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Congressional Committee Approves Marijuana Bills For Military Veterans



A congressional committee approved two bills focused on marijuana and military veterans on Thursday. The action is the first markup of cannabis-related legislation on Capitol Hill this year.

The bills approved by the House Veterans’ Affairs Committee are geared toward expanding access to medical cannabis for the veteran population and increasing research into the plant’s therapeutic benefits for conditions such as chronic pain and post-traumatic stress disorder (PTSD).

The Veterans Equal Access Act, sponsored by Rep. Earl Blumenauer (D-OR), would allow doctors at the U.S. Department of Veterans Affairs (VA) to recommend medical marijuana to their patients in states where it’s legal. It was approved in a vote of 15-11.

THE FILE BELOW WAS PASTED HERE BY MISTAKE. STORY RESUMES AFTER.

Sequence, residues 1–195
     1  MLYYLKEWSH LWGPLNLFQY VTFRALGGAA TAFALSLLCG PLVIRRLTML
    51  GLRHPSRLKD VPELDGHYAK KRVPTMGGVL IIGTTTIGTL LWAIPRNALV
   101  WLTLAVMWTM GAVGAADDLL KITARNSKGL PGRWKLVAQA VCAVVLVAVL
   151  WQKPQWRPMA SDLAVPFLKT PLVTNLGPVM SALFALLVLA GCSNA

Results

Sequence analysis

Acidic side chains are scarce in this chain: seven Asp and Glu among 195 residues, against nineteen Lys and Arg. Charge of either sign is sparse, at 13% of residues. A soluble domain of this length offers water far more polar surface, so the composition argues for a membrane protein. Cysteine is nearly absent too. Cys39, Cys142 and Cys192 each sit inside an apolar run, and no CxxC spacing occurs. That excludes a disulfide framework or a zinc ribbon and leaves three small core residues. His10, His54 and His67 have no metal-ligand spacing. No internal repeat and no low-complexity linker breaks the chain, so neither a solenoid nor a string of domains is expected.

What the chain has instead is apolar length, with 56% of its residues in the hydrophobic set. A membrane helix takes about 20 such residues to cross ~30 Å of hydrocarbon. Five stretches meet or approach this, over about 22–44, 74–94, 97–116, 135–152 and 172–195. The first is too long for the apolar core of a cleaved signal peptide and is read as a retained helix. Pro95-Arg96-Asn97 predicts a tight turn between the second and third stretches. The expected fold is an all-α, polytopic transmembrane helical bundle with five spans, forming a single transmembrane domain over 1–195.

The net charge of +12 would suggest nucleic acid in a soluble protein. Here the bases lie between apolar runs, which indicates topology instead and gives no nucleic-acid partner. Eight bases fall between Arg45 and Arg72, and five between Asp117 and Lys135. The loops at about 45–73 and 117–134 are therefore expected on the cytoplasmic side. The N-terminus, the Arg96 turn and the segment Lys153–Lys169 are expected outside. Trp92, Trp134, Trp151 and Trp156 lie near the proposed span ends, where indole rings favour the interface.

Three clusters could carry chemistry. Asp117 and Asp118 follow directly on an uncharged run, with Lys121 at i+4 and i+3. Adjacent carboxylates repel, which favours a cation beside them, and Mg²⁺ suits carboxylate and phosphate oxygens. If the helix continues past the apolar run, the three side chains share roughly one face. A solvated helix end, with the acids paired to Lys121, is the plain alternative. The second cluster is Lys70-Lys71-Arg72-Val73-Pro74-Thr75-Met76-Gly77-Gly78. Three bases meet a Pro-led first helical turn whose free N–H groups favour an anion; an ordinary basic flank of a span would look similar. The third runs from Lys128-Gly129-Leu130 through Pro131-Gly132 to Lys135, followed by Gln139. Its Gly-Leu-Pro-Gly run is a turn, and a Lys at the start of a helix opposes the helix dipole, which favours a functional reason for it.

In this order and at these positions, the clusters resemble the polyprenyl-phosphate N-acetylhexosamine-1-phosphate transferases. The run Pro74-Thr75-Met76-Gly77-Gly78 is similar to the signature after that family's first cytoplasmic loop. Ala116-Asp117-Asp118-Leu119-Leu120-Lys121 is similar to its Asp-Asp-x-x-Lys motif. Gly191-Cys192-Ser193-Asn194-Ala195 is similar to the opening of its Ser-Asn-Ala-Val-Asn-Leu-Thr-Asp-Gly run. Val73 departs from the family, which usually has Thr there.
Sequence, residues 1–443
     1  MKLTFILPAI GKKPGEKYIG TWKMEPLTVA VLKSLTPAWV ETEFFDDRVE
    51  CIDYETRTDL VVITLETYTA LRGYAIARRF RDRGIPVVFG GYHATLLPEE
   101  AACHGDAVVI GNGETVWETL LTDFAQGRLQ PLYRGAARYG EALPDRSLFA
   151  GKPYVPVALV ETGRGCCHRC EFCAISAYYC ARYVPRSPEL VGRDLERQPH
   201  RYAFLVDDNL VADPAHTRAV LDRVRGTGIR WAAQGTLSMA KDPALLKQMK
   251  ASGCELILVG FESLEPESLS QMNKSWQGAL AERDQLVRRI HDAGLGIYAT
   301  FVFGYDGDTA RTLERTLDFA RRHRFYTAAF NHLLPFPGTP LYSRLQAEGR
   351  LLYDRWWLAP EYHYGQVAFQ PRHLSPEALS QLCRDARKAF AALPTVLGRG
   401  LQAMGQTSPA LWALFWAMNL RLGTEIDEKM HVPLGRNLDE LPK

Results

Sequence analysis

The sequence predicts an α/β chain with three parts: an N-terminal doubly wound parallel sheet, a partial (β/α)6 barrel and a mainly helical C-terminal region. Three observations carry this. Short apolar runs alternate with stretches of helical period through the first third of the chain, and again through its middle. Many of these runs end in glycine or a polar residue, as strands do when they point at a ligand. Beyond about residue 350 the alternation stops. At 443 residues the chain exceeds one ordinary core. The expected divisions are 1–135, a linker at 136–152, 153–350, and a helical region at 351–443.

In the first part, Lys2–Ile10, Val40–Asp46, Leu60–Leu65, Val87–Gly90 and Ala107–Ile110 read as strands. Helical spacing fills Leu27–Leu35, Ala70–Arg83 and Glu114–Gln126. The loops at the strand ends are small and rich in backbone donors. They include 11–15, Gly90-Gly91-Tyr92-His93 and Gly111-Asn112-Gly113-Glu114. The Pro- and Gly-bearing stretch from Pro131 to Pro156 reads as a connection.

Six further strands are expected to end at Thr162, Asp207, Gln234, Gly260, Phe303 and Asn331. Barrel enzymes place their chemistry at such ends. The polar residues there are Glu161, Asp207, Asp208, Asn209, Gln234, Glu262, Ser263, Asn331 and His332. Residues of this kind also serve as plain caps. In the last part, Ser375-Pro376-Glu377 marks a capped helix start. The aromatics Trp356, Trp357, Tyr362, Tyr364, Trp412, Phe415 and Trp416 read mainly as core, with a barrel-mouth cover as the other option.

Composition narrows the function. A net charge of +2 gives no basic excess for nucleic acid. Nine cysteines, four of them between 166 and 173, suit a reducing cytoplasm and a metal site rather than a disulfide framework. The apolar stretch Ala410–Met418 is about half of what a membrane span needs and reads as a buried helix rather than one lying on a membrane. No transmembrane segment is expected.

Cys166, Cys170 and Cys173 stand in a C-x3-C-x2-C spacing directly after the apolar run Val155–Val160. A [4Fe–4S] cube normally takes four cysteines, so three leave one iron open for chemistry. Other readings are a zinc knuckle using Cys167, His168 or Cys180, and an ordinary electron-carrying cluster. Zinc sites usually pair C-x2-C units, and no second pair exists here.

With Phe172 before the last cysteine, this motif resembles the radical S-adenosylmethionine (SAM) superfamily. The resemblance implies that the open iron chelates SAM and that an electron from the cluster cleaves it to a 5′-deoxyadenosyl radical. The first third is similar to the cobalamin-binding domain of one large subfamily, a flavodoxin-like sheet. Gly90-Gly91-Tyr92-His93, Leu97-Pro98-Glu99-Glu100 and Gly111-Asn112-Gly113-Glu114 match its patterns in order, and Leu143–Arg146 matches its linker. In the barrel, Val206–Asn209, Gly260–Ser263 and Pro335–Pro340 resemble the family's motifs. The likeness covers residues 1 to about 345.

“Today was a monumental day for our veterans. We have been working for years to reform this counterproductive policy that forces veterans outside of the VA to receive legal medical cannabis treatment for chronic pain and PTSD,” Blumenauer said after the vote. “This is the culmination of the tremendous work of our movement, but we will not be finished until this becomes the law of the land. We must reform our federal cannabis policy.”

The VA Medical Cannabis Research Act, led by Rep. Lou Correa (D-CA), would require VA to conduct clinical trials on the medical potential of cannabis in the treatment of conditions that commonly afflict veterans. It was approved in a voice vote.